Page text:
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Push to get 500,000 Aussies a pay rise

QANTAS VERDICT
The landmark application, launched by the ACTU and the SDA, seeks to abolish junior pay rates for 18 to 20-year-olds. Picture: NCA NewsWire / Martin Ollman

Unions have launched a landmark application to the workplace umpire, demanding the abolition of junior pay rates for more than half a million 18 to 20 year olds working across the fast food, pharmacy and retail sectors.

The action, launched by Australian Council of Trade Union’s secretary Sally McManus and the Shop, Distributive and Allied Employees Association national secretary Gerard Dwyer, was lodged in the Fair Work Commission on Thursday.

Under workplace rules, employees younger than 21 are not paid the full rate across the General Retail Industry Award, Fast Food Industry Award and Pharmacy Industry Award. Those aged 20 are paid 90 per cent of the award rate, 19-year-olds receive 80 per cent and 18-year-olds get 70 per cent.

ACTU secretary Sally McManus, SDA secretary Gerard Dwyer
ACTU secretary Sally McManus and SDA national secretary Gerard Dwyer lodged the application in the Fair Work Commission. Picture: NCA NewsWire/Supplied.

The unions’ bid seeks to lift the pay rate of this cohort to be in line with the full award rate.

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For workers under 18, the proposal argues 17-year-olds should receive 75 per cent of the award rate, up from 60 per cent, while workers 16 and under should receive half the award rate, up from 45 per cent.

Speaking from Adelaide where the ACTU is hosting its triennial conference, Ms McManus said young workers should receive the same pay rates when the cards were already “heavily stacked” against them.

“Young people don’t get discounts on their rent or youth grocery bills, so why should they get youth wages?” Ms McManus said.

Her comments were supported by Mr Dwyer, who argued young Australians faced wage discrimination because of their age.

“By the age of 18, most retail and fast food workers have many years experience in the sector, there is no justification for them being paid 30 per cent less,” he said.

While not included in its application to the commission, the ACTU is also advocating for an overhaul of superannuation regulations such that businesses will be required to pay super on every hour worked for employees under 18. Currently, employers are not required to make the compulsory 11 per cent super contribution unless a 30-hour threshold is reached.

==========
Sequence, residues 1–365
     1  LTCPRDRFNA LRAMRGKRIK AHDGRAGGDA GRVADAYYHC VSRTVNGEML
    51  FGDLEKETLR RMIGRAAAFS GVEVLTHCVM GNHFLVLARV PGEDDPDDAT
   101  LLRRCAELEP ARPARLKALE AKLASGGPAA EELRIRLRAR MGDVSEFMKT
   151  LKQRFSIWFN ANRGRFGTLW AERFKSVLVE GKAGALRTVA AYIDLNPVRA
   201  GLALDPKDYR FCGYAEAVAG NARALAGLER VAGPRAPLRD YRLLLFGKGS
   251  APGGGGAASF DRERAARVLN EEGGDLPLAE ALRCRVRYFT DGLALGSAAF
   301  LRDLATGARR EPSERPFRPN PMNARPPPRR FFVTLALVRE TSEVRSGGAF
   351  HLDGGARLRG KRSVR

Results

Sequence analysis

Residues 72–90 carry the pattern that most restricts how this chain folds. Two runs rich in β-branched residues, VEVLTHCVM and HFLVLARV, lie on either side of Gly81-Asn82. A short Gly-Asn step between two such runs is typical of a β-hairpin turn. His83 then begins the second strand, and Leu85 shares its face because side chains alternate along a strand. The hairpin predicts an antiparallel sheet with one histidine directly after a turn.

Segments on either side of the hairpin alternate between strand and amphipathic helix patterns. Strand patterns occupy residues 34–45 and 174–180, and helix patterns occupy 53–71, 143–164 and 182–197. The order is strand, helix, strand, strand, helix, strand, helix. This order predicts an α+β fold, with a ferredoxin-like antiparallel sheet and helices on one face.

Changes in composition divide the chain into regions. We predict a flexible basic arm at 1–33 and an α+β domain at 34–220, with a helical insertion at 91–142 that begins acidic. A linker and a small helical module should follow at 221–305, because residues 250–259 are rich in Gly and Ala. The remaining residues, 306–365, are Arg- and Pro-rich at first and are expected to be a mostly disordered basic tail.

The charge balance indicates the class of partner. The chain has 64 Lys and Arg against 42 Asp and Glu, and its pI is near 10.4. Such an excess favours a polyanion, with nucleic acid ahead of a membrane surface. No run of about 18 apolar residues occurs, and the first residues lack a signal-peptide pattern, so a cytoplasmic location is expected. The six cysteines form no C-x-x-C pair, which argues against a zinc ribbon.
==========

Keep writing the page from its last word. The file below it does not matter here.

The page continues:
If successful, the proposed award changes would also flow through to collective agreements with junior rates, including workplace deals at the major supermarkets.

The application is expected to be fiercely contested in the Commission by employer advocates, with Australian Retail Association boss Paul Zahra arguing the change would have a disemployment effect on young workers.

“Junior rates are used to incentivise employment of young people who are less skilled, giving them an entry point for their careers,” Mr Zahra said.

PRESSSER: SOPHIE COTSIS
Australian Retailers Association chief Paul Zahra argued small business would struggle to absorb another wage increase. Picture: NCA NewsWire/ Gaye Gerard

“Without these rates, these young people may otherwise struggle to compete against older, more experienced applicants.”

The ARA boss also argued that another pay hike would hurt businesses when the 3.75 per cent minimum and award wage increase awarded by the Commission on Monday was already slated to commence on July 1.

“Many employers in the retail, fast food and pharmacy sectors are small businesses – mum and dad operators – who are severely challenged and simply can’t afford another wage hike,” he said.

Ai Group chief Innes Willox agreed that scrapping junior rates would remove employers’ incentives to hire young and inexperienced workers just as jobs market was showing signs of deteriorating.

“The junior rates proposal is a clear example of unsustainable union overreach that is entirely out of touch with economic reality and will be deeply problematic for both employers and employees,” Mr Willox said.

The Business Council of Australia (BCA), which has major supermarkets Coles and Woolworths among its members, warned fewer jobs and less hours could potentially become available as a result of the policy.

Both grocery giants pay junior rates.

“At a time when there are record insolvency levels and customers curbing their spending, now is not the time to add more hurdles for businesses with new costs added to their operations,” BCA boss Bran Black said.